Gustatory sweating was found in 31.9% of our patients, but none of them found it embarrassing or disabling. Although we tried to work out the reason for that increase in comparison with 2.1% of patients reporting GS at our initial follow-up after 7.5 months, no logical explanation can be given. Our efforts to evaluate the point when GS started also failed because most of the patients were unable to give detailed information. In comparison, after T2 to T4 sympathicotomy, about 50% of patients reported GS.2,12,30
Sweating of the palms, axillae, and soles has been described as emotional sweating because its control is integrated with emotional, cognitive, and neuroendocrine functions and effects at multiple levels with the central nervous system.25 Therefore, evaluation of procedures in sympathetic surgery should also account for these factors by adding QOL measures. Impressive results have been obtained for palmar and axillary manifestation of primary HH. For feet, improvement in QOL was also significant, although the difference between preoperative and postoperative scores was remarkably smaller. This finding might be explained by the fact that plantar HH is not the primary indication for ETS surgery.31 Most of our patients (87.5%) stated full satisfaction. The low rate of unwanted adverse effects and the low incidence of recurrences might have contributed to these good results, although long-term results of ESB surgery are still needed for definitive comparisons with other methods.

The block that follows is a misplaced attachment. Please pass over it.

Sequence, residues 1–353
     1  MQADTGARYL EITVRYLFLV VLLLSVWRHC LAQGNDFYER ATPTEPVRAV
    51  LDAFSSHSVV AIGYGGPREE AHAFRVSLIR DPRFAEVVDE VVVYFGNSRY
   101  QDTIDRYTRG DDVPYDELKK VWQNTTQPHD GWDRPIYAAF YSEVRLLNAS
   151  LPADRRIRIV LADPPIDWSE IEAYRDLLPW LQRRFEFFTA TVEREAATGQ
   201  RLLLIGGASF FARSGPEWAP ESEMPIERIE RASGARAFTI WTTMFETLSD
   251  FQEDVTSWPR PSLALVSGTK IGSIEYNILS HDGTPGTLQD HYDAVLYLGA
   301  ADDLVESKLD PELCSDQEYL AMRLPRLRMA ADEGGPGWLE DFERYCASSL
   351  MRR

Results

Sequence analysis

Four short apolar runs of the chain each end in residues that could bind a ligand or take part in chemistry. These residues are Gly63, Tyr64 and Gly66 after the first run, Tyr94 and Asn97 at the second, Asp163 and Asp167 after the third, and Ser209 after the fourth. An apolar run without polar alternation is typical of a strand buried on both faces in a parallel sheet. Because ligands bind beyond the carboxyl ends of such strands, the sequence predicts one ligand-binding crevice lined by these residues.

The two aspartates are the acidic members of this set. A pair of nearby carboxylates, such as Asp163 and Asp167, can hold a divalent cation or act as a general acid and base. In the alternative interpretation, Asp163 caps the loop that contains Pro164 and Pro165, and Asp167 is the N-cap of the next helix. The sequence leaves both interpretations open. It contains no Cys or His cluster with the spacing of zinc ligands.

In conclusion, limited sympathetic surgery by clipping T4 yields excellent success rates in the treatment of upper limb HH after a mean follow-up of 19.5 months. Nearly all patients undergoing ETS surgery also have plantar HH. These patients have equal chances for plantar sweating to improve or remain unchanged; only a minority will have it worsen. In general, CS and GS are low in comparison with other ETS procedures, contributing to a high patient satisfaction and QOL after ESB4.
Correspondence: Christoph Neumayer, MD, Department of General Surgery, E21 A, University Clinic of Surgery, Medical University of Vienna, Waehringer Guertel 18-20, 1090 Vienna, Austria (firstname.lastname@example.org).
Accepted for Publication: November 1, 2004.
Previous Presentation: This study was presented in part at the First Joint Meeting of the European Federation of Autonomic Societies and the American Autonomic Society; October 21, 2004; Amsterdam, the Netherlands.
Acknowledgment: We are indebted to Stephan Lehr, PhD, Department of Medical Computer Sciences, Section of Clinical Biometrics, Medical University of Vienna, for assistance in performing the statistical evaluation.